# [FOM] Growth Rate of Level-k Goodstein Function

Timothy Y. Chow tchow at alum.mit.edu
Tue Oct 3 09:47:25 EDT 2006

```I am posting the queries below on behalf of Robert Sawyer
(r.s at mindspring.com).  Replies may be posted to FOM or emailed directly.

Tim

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The "usual" Goodstein function is only the third function, g_3, in a
particularly simple hierarchy of functions that were introduced by
R. L. Goodstein.  These are based on his extension of the hereditary
representation of integers so as to use the first k >= 1 operations in
the hierarchy commonly written with Knuth arrows as +,*,^,^^,^^^,...
For each integer k >= 1, the level-k Goodstein function g_k is defined
using level-k representations in precisely the same manner as level-3
representations are used to define the usual Goodstein function g_3.
The level-w Goodstein function g_w is then defined by g_w(n) = g_n(n).

Details, examples, and a few developments are given in the threads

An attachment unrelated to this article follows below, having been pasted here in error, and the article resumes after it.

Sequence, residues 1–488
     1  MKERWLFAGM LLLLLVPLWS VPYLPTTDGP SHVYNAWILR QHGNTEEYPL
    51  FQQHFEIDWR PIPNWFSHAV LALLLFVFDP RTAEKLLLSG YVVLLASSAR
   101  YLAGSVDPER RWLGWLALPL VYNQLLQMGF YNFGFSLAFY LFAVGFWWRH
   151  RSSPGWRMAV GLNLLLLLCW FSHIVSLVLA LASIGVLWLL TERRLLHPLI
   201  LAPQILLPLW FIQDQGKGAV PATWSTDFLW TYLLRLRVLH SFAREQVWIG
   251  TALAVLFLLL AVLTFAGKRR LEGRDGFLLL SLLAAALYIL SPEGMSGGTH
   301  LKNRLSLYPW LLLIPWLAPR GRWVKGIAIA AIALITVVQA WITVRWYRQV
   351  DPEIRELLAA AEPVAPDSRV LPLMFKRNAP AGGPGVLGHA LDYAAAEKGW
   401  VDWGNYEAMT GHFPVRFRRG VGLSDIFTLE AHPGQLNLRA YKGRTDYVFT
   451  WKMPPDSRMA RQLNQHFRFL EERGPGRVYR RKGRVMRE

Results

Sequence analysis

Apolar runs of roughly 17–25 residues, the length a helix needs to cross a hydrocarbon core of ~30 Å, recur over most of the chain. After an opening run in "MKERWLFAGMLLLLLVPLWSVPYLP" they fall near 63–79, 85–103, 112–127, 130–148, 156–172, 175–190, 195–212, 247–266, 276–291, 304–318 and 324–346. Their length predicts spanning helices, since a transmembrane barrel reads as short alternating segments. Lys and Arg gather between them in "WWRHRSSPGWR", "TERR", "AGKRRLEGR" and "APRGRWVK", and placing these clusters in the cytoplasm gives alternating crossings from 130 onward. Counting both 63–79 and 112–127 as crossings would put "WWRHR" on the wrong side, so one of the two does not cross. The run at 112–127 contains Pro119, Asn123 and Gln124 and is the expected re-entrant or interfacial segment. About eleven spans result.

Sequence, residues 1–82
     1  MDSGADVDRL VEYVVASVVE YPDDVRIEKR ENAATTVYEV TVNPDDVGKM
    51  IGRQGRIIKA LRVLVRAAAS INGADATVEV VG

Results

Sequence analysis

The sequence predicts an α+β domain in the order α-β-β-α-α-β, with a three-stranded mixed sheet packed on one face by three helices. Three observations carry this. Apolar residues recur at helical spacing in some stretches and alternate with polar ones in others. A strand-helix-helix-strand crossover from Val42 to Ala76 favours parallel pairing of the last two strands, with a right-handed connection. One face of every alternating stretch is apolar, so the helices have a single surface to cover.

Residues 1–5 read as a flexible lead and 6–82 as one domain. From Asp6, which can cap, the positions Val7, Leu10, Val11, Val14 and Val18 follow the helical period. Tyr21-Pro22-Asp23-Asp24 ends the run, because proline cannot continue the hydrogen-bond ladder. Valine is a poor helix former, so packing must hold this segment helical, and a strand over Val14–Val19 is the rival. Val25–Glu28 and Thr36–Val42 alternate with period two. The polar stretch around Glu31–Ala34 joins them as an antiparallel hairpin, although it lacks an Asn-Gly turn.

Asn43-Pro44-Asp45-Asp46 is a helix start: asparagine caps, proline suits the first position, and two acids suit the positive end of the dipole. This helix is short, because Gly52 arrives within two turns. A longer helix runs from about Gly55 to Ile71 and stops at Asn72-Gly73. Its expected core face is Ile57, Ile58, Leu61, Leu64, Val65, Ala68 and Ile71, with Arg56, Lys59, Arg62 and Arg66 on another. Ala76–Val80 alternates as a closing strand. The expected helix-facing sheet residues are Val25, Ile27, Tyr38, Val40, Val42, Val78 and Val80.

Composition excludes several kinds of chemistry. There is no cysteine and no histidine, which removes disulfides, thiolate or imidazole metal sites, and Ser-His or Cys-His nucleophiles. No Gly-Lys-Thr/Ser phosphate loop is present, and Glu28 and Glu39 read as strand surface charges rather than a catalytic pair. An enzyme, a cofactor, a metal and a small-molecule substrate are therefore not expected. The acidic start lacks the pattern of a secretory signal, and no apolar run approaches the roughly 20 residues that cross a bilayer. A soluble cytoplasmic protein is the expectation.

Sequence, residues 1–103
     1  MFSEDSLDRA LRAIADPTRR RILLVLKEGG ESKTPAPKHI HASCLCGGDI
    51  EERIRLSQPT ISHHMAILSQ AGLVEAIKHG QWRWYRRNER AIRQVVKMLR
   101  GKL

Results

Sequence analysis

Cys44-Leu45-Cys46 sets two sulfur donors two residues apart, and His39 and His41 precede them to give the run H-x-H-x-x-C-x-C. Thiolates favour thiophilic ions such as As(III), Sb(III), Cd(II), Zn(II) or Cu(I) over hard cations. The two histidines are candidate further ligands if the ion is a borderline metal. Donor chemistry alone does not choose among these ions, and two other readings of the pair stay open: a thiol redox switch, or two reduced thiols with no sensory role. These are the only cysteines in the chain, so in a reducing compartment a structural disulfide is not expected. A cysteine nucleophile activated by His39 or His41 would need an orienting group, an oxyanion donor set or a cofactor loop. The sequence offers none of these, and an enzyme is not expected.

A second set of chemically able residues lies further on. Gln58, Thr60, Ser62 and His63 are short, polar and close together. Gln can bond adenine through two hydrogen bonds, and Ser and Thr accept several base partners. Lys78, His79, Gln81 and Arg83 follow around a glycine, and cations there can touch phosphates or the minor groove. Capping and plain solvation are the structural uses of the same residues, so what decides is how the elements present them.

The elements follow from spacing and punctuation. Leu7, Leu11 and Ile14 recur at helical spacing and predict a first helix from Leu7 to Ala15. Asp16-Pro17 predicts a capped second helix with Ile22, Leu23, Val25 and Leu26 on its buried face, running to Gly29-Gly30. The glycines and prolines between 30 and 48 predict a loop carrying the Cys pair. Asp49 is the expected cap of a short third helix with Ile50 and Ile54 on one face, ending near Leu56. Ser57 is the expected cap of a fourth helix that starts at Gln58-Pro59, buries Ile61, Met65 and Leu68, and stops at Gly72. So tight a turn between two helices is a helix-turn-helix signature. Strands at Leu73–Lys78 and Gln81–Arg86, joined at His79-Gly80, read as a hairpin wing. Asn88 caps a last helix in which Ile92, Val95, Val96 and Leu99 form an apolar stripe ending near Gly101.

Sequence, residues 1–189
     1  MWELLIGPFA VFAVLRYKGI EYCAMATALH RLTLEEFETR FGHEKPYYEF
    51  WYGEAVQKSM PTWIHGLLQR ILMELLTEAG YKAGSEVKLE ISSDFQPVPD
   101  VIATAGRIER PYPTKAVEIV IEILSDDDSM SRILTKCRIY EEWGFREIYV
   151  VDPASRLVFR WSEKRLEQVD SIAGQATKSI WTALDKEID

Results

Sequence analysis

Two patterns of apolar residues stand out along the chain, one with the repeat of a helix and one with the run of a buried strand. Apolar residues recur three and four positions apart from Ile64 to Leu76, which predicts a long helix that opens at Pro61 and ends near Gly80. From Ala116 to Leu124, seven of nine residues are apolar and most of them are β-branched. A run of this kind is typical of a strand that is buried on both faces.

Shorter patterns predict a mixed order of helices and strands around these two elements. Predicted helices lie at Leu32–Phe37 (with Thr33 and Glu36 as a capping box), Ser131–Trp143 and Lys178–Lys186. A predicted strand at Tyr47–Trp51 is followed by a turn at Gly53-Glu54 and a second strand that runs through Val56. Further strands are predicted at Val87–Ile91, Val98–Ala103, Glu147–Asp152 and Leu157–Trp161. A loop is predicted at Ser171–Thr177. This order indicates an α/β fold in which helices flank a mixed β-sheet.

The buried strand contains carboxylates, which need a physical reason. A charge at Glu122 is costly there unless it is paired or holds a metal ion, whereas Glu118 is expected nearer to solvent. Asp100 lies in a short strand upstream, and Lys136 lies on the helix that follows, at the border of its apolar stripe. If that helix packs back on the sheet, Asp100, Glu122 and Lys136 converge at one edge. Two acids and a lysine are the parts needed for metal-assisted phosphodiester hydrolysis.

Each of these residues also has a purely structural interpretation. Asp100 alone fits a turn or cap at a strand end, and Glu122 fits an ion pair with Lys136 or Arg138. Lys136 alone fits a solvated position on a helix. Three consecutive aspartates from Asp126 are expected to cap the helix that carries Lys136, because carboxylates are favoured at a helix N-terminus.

Questions:

1. In terms of the Wainer hierarchy of functions f_a,

g_1 ~ f_1
g_2 ~ f_w
g_3 ~ f_epsilon_0
g_4 ~ f_?????
...
g_w ~ f_?????

How can one characterise the growth rates of the g_a for a > 3?

2. Is every g_a (0 < a <= w) dominated by f_Gamma_0?

3. In Goodstein's ordinal notation, obtained by substituting w for
the base in a level-k representation (0 < k < w), the least ordinal
not representable at level k (0 < k < w) is evidently w[k+1]w, where
[k] denotes the kth of the operations +,*,^,^^,^^^,...

Can w[k+1]w, for 3 < k < w, be usefully related to the ordinal index
of the Wainer function that characterises g_k?  (They're equal for
k = 3, but not for k < 3; specifically,
g_1 < f_(w*w),  g_2 < f_(w^w),  g_3 = f_(w^^w),  g_4 ??? f_(w^^^w),
etc.)

4. How does one express Goodstein's w[k]w in more-standard notation?
E.g., w^^w = epsilon_0, w^^^w = ?????
Is w[k]w < Gamma_0 if 0 < k < w?

Robert Sawyer ("r.e.s.")
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```